The vandals took the handle

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The public sector is slow to ‘get’ communication change

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Don’t hold your breath waiting for the Australian public sector to recognise that communications is changing.

Switching from the tried-and-tested role of media relations to the new reality of a creating a “community” or space for people interested in discussing, learning about, and airing opinions, is a big ask for bureaucracy.

By nature, bureaucrats need order – and are averse to risk. I don’t mean to be critical. That’s just the way government has always operated. 

The problem for our public sector is that time waits for no one.  With them or without them, the core of communications is changing.  World-wide, people no longer look solely to the traditional media for information. Instead, they want to be part of it all, rather than the passive audiences of the past.

Whether it is reading, watching and listening to blogs throughout the day; blogging themselves; podcasting; submitting information and digital photos to news websites or blogs; or social networking, they want to be engaged – not informed in the old PR sense.

I’m afraid this is particularly hard for the public sector and its communicators to grasp. I mean, it’s relatively easy to present ‘key messages’ in information delivered to the traditional media. The good ole media release has been the backbone of the industry for goodness knows how long. But, the question now occupying the minds of public sector communicators is how to achieve that in ‘conversations’ directly with the public?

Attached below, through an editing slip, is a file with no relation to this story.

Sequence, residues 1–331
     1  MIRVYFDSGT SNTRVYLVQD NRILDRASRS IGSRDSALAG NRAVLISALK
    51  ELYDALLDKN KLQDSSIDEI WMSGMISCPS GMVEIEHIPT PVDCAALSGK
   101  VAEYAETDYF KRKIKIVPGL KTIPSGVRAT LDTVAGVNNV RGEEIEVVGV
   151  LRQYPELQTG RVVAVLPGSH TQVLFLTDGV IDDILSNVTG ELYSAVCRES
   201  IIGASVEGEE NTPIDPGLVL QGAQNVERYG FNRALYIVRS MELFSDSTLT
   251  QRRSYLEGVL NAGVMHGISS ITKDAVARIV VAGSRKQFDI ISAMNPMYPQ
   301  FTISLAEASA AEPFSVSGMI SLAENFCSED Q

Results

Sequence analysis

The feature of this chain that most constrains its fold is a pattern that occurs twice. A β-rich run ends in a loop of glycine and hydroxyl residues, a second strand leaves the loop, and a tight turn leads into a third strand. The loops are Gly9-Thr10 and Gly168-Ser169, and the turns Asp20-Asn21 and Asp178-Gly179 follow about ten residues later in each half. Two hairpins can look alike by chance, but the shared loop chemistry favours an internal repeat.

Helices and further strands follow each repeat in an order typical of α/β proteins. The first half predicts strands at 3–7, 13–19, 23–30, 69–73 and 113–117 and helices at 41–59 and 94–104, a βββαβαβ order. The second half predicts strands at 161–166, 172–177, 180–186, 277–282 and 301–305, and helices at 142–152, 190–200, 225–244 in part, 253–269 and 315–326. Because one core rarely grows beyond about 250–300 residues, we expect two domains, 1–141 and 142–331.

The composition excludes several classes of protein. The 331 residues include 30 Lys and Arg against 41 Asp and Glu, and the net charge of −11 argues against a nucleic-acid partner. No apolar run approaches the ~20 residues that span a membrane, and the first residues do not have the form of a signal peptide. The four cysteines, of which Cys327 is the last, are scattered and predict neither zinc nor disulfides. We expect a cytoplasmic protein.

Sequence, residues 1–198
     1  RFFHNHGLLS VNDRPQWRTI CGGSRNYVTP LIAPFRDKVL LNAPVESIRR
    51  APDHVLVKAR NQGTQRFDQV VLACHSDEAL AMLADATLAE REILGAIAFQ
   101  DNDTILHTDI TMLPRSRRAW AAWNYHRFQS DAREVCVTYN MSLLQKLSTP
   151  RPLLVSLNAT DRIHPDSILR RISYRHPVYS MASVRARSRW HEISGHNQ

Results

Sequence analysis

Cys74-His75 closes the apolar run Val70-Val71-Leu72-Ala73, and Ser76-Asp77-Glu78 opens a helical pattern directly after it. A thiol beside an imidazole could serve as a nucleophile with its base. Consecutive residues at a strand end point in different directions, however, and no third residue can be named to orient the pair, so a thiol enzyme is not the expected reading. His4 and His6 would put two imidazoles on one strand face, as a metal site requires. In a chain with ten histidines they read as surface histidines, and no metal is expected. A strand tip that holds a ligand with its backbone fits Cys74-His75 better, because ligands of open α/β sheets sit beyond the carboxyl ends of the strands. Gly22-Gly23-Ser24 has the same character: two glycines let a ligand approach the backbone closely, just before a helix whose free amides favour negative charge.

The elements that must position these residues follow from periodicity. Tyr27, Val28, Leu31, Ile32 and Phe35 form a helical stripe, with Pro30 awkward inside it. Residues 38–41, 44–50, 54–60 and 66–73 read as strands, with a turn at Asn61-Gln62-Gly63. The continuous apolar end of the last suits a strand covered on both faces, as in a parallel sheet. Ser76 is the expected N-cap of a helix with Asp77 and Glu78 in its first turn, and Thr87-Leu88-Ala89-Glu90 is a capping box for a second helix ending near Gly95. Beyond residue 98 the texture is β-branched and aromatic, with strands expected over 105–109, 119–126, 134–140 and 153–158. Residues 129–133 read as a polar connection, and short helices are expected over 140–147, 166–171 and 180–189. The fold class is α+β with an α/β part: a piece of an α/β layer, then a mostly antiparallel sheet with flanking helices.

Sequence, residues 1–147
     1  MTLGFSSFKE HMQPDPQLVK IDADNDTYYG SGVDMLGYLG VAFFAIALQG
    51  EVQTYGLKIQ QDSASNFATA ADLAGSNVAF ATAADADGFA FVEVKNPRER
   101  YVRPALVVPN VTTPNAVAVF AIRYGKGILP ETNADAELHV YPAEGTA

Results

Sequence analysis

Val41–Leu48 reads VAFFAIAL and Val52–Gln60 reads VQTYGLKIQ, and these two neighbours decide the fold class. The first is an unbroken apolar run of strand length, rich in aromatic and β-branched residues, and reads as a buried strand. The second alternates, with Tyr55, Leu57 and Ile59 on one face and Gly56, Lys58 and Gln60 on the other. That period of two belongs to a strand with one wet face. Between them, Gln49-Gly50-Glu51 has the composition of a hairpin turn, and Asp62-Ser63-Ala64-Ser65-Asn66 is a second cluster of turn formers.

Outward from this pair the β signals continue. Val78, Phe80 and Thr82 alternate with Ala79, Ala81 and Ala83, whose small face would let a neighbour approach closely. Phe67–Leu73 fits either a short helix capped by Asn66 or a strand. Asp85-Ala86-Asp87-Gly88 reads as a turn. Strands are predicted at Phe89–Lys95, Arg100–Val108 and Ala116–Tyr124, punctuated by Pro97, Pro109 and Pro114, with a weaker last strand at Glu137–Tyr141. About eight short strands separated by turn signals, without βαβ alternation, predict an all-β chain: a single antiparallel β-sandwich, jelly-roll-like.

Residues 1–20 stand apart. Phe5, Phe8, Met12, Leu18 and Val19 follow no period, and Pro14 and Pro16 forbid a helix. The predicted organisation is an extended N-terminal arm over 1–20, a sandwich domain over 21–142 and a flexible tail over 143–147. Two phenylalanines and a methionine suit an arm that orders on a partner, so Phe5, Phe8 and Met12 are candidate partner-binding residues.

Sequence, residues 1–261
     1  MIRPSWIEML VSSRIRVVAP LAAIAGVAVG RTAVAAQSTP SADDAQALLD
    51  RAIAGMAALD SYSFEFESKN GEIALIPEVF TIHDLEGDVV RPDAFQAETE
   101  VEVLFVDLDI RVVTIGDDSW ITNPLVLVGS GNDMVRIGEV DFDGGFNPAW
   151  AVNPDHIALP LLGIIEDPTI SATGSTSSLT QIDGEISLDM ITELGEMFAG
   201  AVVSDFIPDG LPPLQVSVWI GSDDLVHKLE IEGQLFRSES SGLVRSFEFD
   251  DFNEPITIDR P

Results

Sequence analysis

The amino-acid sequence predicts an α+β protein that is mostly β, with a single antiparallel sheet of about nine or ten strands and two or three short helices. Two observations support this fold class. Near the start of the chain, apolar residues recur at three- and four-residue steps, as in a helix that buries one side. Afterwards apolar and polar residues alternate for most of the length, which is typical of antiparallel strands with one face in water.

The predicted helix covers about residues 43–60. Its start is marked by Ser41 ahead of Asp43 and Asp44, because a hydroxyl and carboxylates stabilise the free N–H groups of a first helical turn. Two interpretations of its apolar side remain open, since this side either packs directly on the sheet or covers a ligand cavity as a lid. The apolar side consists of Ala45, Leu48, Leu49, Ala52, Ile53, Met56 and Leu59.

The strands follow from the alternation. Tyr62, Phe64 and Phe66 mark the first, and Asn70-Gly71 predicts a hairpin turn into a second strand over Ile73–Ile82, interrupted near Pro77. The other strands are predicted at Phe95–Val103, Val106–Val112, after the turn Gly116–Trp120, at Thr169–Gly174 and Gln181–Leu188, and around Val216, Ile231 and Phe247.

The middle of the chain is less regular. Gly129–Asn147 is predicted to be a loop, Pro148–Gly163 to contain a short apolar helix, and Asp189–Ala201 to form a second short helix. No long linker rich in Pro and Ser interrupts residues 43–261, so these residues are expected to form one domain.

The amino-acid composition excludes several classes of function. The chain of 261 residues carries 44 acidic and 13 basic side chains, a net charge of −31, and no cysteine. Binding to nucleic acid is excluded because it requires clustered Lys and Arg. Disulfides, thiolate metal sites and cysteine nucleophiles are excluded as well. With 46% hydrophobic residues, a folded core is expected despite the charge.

I don’t mean to sell our government communicators short.  Even with the bureaucratic restrictions under which they work, there are many who recognise that change is inevitable and are actively wrestling with the challenge. Take, for example, the good folk at Darebin City Council in Melbourne, who have established a regular e-forum, for people to discuss local and broader issues and provide suggestions. Great stuff!

 

Ian Roberts

 

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Written by ianandsue

May 1, 2008 at 1:55 pm

Posted in Uncategorized

One Response

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  1. Great post Ian.

    Communicators generally are slow to get with the changes sweeping their industry, but the public sector is almost resistant. So what if media relations, as we have practicised it for decades, is in its death throes. Get with the changes or be left behind. And you are soooo right when you say that it is more than just putting the occasional communications program on a Facebook group or a MySpace page.

    Davo

    May 1, 2008 at 11:27 pm


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